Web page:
Gateway to the Classics: Peter of Amsterdam by James Otis
Peter of Amsterdam by  James Otis

Driving Out the Swedes

In the fort were forty-six men with a captain, and, as a matter of course, they could do no less than surrender when called upon so to do, for our force numbered upwards of seven hundred, and we had sent from the fort in New Amsterdam, on board the vessels, guns enough to tear the fort into splinters within an hour.

The Swedish captain said all he could to soften the heart of Director Stuyvesant, who would listen neither to entreaties nor arguments, save that he permitted the garrison to march out with full honors of war, and immediately this had been done, a number of our men, sufficient to hold possession of the place, were sent on shore.

Then nearly all the people of the fleet assembled on board the De Wagg, to hear our preacher give thanks to God for the bloodless victory which had been won, and within four and twenty hours we were on our way to Christina, where, so we learned at Trinity, there was a force of only about thirty men.

Here the trumpeters blew their shrill blasts again in front of the fort and surrender was demanded; but the governor of the colony was not minded to give in without at least a struggle of the tongue. From the second until the fifteenth day of September, we lay there at anchor while he protested against what he called high-handed proceedings, trying vainly to prove to Director Stuyvesant that he and his following had as much right in the wilderness of the New World, as had the Dutch.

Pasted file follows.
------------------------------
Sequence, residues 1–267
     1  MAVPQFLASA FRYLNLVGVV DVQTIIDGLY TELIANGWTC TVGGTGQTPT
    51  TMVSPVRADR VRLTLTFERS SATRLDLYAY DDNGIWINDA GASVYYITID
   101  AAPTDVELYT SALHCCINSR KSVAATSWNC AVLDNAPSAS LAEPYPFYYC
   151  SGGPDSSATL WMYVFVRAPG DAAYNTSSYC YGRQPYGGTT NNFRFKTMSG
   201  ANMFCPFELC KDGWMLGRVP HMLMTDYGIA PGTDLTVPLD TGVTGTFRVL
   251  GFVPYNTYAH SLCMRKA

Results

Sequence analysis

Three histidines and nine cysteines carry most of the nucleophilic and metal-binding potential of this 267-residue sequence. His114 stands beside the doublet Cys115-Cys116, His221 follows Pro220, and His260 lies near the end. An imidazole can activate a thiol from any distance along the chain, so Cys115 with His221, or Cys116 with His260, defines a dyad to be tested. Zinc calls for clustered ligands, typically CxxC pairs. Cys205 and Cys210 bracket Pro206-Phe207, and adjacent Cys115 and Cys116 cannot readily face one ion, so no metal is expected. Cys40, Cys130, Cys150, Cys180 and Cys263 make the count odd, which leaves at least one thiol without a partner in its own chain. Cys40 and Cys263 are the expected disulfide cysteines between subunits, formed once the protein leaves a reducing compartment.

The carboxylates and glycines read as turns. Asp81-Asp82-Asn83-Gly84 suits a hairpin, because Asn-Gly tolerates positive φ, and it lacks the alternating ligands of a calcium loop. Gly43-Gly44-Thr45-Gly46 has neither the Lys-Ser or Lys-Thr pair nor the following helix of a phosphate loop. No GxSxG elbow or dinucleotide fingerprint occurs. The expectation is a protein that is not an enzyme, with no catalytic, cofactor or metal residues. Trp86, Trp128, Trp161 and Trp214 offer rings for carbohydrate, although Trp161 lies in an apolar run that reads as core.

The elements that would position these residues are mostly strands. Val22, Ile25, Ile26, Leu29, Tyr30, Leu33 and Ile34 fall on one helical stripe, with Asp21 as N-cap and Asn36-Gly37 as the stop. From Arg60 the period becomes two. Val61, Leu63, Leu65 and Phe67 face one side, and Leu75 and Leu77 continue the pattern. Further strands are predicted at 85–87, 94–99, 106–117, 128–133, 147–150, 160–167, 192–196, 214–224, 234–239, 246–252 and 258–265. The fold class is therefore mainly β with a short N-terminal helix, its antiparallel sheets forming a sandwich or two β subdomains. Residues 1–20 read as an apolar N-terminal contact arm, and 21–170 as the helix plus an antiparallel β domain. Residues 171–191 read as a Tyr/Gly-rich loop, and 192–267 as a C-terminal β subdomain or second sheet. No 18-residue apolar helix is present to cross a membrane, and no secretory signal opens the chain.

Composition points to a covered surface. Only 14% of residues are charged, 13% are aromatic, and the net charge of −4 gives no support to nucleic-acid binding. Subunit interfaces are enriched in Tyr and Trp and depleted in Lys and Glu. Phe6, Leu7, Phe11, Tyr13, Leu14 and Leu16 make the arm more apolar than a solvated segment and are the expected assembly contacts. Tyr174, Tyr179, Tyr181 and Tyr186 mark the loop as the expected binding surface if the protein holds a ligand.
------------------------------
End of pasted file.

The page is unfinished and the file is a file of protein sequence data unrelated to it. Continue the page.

It was all in vain, however, and, as may be expected, the result was that we captured Christina as we had Trinity, thus putting an end to this colony of New Sweden.

Again did we give thanks to God, although we had done a wrong, and it was while we were thus praising the Lord, and giving much credit to ourselves for having conquered without bloodshed seventy-seven men with a force of seven hundred, that a messenger came in hot haste from New Amsterdam.

In the twinkling of an eye our rejoicings were turned to something very like fear.

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